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Question 6: Being free-to-play will guarantee more casual players to dive in Hidden Agenda. What is the affordability for the premium content?

Hidden Agenda is divided up into Jobs and Cases. Jobs are sort of scavenger hunts in the town that let you earn currency, energy and special investigative gear like fingerprint kits and security camera tapes. You can always buy these items if you want to do fewer jobs.

Cases are mysteries made up of multiple Hidden Object scenes. Each case has an additional premium scene, meaning a special Hidden Object Screen. Finding all the clues in it will give you access to special graphic novel pages that tell you more of the backstory behind the characters and the case.

Question 7: I haven’t heard of this game being developed in rumblings anywhere, and it is being released in early 2013 – not far away. Has there been a hidden agenda for Hidden Agenda?

Well, we ARE a Hidden Object Games studio! We should be able to hide stuff. We started doing prototypes with a small team back in late 2011. We tried a Blitz model and decided that didn’t work. Then we tried a more traditional, case-based PI game and we felt we were a lot closer. When Rick and his team joined in late January, he started exploring the idea of creating a world where EVERYTHING – the scenes and the town and the tasks – became a Hidden Object Game. We tinkered with a town-building mechanic and decided it got in the way of the whole-world-is-a-HOG approach. Then we just kept our heads down and worked away. We’ve been in closed beta within PopCap for the last few months and just started opening it up to the public recently.

Question 8: Like other hidden object games provided by PopCap, can we expect cameos from Bejeweled and other titles?

Yes you can. Don’t be surprised if you find a Zombie on your lawn.

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Question 9: Beyond the hidden object content, how many types of alternative mini-games will be available?

Every part of the game is a Hidden Object experience, but that doesn’t mean every moment of gameplay is a traditional Hidden Object scene. The entire meta-game is made up of different types of scavenger hunts throughout the town, and these weave in elements of memorization, matching and general hunting around.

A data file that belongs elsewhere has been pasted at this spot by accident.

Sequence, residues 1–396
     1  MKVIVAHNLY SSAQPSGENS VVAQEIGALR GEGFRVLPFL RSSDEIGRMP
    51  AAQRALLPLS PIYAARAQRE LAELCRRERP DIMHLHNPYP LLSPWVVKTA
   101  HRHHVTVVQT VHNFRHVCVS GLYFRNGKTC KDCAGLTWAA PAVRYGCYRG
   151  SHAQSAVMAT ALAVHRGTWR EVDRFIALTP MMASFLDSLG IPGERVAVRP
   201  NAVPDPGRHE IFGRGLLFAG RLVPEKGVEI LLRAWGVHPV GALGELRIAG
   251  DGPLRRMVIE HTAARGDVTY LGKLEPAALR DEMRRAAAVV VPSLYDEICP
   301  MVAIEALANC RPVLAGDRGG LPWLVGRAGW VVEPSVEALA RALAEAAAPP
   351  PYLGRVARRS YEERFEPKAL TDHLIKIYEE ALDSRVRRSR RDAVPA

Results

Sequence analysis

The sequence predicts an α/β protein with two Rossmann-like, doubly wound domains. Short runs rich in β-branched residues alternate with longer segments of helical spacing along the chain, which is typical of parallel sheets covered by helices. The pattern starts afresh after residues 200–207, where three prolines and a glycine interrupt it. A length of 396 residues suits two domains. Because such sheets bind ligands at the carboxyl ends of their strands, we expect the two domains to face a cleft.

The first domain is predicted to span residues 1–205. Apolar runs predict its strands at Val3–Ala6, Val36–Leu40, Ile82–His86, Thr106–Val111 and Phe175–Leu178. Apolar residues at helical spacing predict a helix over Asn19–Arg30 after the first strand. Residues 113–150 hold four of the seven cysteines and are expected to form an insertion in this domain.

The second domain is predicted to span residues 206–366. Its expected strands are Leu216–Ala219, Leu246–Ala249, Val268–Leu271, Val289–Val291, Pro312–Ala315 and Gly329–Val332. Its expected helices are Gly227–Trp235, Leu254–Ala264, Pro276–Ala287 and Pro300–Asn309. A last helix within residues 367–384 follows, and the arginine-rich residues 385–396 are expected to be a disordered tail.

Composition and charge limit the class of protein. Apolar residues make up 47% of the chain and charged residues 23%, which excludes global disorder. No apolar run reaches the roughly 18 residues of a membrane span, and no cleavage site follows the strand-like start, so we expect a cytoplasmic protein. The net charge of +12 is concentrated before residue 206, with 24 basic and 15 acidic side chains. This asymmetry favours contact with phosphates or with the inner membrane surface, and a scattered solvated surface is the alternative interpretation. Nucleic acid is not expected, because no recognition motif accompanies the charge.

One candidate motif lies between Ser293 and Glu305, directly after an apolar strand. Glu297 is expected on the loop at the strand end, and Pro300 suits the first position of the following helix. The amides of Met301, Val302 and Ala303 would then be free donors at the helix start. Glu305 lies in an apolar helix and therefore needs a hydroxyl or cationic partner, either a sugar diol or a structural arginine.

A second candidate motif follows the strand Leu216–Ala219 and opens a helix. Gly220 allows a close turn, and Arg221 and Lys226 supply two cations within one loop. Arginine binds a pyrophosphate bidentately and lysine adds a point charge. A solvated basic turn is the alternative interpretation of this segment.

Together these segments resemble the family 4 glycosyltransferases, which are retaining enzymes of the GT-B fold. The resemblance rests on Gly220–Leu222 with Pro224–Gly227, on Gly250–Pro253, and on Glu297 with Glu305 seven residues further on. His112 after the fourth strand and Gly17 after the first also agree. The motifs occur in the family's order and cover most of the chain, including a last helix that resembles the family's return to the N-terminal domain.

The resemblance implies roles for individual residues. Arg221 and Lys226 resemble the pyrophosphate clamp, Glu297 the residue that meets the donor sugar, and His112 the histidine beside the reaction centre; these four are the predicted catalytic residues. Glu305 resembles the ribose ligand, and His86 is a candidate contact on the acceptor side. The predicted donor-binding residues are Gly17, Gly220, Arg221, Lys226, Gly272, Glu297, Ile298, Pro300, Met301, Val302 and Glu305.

In terms of the traditional HOG scenes, we’re launching with a conventional seek-and-find mode and a Blitz mode. We’re implementing a Spot-the-Difference mode for early in the year. We have a couple other modes that we’ll roll out later in the game.

Question 10: Hidden object games are not necessarily known for having extensive playing time. How will Hidden Agenda combat repetition and extend the playability for its players on the social network?

Most Hidden Object games on Facebook have turned the HOG experience into a sort of memory game to promote repeat playability. This has turned into some fun moments in some games, but we approached it differently. We make the repeated investigation of the scenes an opportunity to uncover new clues to advance the case. And the team brought the HOG experience out into the town, with repeated quests to find objects, suspects, friends and characters. When you’re exploring the world in Hidden Agenda, you’re always trying to find something.


That concludes the interview with PopCap’s HOG Executive Producer Kurt Busch. Since you have gathered some classified “interrogation” information, go on over and check out Hidden Agenda on Facebook (here).